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masak (6289)

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Been programming Perl since 2001. Found Perl 6 somewhere around 2004, and fell in love. Now developing November (a Perl 6 wiki), Druid (a Perl 6 board game), pls (a Perl 6 project installer), GGE (a regex engine), and Yapsi (a Perl 6 implementation). Heavy user of and irregular committer to Rakudo.

Journal of masak (6289)

Thursday February 04, 2010
09:47 AM

Blast from the past: E02

[ #40159 ]

SF took my challenge to heart and started producing a "modern Perl 6" version of the example code in E02. His thought process can be seen here, and here.

After being a bystander for a few hours, I coulndn't restrain myself anymore: I produced my own version. I should say at once that it's quite different from SF's: while he keeps close to the original E02 (which, in turn, sets out to prove that Perl 6 is/was not very different from Perl 5), my version is a bit more liberal in its interpretation. I do mix in some of my personal preferences into it. Some examples:

  • We don't do $ARGS prompts("Search? ") anymore, but there's a nice &prompt function which I used instead, together with a while loop.
  • The &show function now uses gather/take, rather than printing directly.
  • Also, I avoided the statement-modifying mess from the original E02 &show code.
  • Also, E02's &show makes a point of using a slurpy @_ rather than naming the paramters. I don't. (Neither does SF.)
  • It just makes sense to use a given/when construct in the &insert function. To its credit, E02 tantalizingly hints of it, but then does a MIB mind-wipe. (You don't recall that bit? Oh well...)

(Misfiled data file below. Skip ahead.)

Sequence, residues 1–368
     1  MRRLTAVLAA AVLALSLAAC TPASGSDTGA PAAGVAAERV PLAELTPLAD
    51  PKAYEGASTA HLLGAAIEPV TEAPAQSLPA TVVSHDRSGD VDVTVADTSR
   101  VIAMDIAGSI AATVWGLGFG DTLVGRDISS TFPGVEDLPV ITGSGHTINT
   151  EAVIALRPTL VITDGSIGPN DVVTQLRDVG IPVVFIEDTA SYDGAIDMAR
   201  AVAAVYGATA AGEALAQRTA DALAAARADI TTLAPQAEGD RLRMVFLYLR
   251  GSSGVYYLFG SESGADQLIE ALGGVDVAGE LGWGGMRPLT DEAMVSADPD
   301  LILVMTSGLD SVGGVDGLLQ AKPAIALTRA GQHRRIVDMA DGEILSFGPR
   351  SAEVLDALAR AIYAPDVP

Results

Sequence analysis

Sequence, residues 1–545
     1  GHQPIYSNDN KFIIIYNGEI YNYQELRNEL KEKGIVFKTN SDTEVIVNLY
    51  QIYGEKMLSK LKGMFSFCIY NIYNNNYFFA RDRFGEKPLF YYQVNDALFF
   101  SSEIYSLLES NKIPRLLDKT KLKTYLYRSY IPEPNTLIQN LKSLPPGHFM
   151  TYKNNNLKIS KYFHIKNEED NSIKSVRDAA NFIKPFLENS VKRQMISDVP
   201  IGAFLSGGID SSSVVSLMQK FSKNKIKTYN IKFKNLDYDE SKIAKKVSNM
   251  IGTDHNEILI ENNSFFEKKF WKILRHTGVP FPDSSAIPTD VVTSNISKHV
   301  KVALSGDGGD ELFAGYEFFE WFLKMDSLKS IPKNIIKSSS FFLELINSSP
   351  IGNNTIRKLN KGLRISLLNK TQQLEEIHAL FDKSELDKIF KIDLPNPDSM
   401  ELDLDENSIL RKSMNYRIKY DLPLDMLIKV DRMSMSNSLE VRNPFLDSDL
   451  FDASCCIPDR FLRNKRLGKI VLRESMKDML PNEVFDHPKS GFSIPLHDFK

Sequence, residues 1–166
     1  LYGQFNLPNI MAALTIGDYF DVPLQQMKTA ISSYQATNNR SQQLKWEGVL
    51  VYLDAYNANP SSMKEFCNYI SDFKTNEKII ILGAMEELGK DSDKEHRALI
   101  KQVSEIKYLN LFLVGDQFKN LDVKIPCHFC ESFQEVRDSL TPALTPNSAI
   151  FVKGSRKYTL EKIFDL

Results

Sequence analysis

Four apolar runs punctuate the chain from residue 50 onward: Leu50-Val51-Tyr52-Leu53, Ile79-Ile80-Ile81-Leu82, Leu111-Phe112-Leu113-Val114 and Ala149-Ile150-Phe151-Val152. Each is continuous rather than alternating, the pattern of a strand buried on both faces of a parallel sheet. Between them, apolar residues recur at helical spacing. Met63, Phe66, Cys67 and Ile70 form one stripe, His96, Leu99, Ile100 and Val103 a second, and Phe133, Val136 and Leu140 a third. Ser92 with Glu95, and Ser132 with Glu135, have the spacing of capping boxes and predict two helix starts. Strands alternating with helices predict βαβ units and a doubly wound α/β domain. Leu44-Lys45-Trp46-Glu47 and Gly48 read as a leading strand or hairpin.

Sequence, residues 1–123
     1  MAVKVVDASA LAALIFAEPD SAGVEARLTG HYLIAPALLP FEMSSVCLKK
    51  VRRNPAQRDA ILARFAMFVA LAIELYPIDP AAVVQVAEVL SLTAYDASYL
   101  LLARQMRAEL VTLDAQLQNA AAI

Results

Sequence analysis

• In the same function, E02 puts undef to initiate the child nodes to some empty value. Both SF and I independently realized that just any undefined value won't work if &insert is to have %tree in the signature, because %tree only binds to an Associative value. SF solved it by putting Hash (an undefined Hash type object) in the child nodes, and changed it to in the later version. I used {}, which should be equivalent to, but IMHO more idiomatic.
  • The whole traits business hadn't solidified in 2002, but I believe that the end result is both more realiable, more useful, and prettier. You'll have to judge for yourself.

I believe rewriting the exigeses in modern form is a very worthy activity. I hope we'll see more of that. Perl 6 suffers a bit from stale, outdated documentation, and having these in new versions would be valuable.

It's also a very interesting historical activity to read the old apocalypses and exigeses, as I increasingly find. Perl 6 has come a long, long way since 2001.

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  • Nice work, but still something lacking in the "show" function: both your version and SF's have too much repetition. What we really want to to say that there's a list of three actions to perform in one of three orders, with only one of the blocks moving. something like:

    sub show(%tree, Traversal $method) {
        return unless %tree;
        my @actions = (
            { show %tree<RIGHT>, $method },
            { show %tree<LEFT>, $method },
    • It's clearly a matter of taste of where you want to end up on the readability/non-repetitiousness scale. :) I simply chose to err on the side of readability this time around.

      • And actually I made a horrible error in my code: the way I wrote it the traversal order is actually undefined, because the order of iteration of hyper operators is undefined. So, although I'd say that having a concurrent traversal ordering would be a nice addition, the last line of my sub should probably be something like: ".() for @actions;"
    • Am I the only one whose OCD goes on overdrive everytime he sees a fixed-function tree traversal sub?

      I immediately want to refactor &show into a general traversal sub:

      sub traverse(%tree, Traversal $order, &function) { ... &function(%tree<VALUE>); ... }

      and a trivial driver:

      sub show(%tree, Traversal $order) { traverse(%tree, $order, &take) }

      I guess that gets away from keeping the same overall form as the E02 code. Of course, I had the same reaction the first time I

      • Heh. The reaction I got on #perl6 was that I had changed the function too much by replacing print by take, essentially turning the &show function into an iterator generator.